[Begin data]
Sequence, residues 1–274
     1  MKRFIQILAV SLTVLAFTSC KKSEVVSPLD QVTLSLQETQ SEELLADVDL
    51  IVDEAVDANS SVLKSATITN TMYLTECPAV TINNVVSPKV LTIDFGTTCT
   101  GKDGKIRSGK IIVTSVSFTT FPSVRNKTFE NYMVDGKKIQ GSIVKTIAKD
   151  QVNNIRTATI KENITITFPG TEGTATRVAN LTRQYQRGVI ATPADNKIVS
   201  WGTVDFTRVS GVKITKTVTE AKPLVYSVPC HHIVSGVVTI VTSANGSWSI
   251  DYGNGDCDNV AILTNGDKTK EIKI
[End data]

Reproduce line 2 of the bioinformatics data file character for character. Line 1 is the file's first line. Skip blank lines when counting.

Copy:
     1  MKRFIQILAV SLTVLAFTSC KKSEVVSPLD QVTLSLQETQ SEELLADVDL